Getting to Seongnam-sa

By Car - From National Expressway 1 which runs from Busan to Seoul take Exit 6 Seo-Ulsan (서울사) at the town of Eonyang. Take National Highway 24 west, exiting off the modern highway when you see signs for Seongnam-sa 석남사 (often spelt Seoknam-sa), you will the join provincial road which snakes past the Gaji-san Oncheon (Hot Spring) to the temple carpark, and continues on to Baenae-gol Valley.

By Bus - Ulsan city buses 1713 and 807 leave Eonyang Terminal every 20mins or so for Seongnam-sa. The ticket is 1500won and the trip takes about 30-35min. Both these buses start their journey from Taehwagang train station in Ulsan. If coming from Ulsan city proper, the 1713 is the quickest bus as it takes the expressway to Eonyang. Bus 807 stops at the UlsanKTX station, located in Eonyang, so is the bus to look out for if coming on the train. 

 

The Seongnam-sa circuit trail of Gaji-san

Click here to edit text

Main trail: Seongnam-sa car park - 2.3km / 1hr20min - Seongnam-gogae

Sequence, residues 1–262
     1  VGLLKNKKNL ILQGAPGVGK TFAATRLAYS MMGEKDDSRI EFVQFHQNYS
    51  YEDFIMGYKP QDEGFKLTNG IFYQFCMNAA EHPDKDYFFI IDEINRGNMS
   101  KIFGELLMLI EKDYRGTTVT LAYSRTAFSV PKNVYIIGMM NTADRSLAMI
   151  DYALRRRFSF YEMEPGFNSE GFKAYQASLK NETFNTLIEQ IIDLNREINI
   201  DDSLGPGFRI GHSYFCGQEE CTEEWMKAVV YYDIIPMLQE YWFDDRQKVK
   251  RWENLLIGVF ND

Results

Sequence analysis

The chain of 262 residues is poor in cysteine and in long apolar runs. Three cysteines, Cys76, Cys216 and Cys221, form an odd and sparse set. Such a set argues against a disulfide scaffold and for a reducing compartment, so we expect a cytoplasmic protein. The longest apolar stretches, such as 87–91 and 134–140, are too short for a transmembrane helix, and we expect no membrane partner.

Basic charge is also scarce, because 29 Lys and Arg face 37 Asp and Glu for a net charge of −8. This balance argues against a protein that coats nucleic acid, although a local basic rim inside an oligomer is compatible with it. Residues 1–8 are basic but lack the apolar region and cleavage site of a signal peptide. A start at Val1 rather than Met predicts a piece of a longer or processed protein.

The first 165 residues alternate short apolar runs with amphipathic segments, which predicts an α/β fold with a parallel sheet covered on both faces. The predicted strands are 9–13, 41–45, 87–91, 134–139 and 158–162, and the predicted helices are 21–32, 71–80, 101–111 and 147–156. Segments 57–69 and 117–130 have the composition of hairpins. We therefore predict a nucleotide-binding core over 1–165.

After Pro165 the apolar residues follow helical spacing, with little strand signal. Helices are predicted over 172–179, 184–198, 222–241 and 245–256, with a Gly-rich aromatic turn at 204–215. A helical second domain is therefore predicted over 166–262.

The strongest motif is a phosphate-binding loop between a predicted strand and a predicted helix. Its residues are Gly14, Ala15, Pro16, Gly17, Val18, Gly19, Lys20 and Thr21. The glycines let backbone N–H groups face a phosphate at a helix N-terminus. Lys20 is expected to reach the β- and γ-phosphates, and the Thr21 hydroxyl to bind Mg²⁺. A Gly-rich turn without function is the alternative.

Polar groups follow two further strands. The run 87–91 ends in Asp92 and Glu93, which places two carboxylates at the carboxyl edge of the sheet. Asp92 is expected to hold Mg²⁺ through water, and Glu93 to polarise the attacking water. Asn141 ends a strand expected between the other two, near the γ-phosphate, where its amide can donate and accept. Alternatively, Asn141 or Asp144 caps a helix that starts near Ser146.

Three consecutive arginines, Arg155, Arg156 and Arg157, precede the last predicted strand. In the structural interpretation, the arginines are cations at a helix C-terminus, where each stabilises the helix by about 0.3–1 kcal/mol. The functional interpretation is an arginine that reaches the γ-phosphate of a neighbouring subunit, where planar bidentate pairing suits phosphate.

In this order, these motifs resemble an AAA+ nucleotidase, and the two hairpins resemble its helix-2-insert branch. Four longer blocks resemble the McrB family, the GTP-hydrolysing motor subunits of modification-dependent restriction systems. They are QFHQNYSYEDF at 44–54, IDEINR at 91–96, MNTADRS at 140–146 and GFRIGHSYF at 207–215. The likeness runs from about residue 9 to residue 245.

The main Seongnam-sa carpark is at the Seongnam-sa-hyugeso, just outside the grand front gates to the temple on a tight bend in provincial road 69 - this is also the bus stop.  Seongnamsa-hyugeso has a number of good restaurants, all of which sell fresh and dried mountain vegetables and locally produced makali, as well as the standard meals that can usually be found at busy mountain entrances - a couple of these restaurants are also small marts with basic trail supplies and snacks. It's 2000won for the day to park, and there is a lot of space in the overflow carpark out the back - this is usually only full in the summer months when the stream in the Seongnam-sa valley is packed with wading picnickers.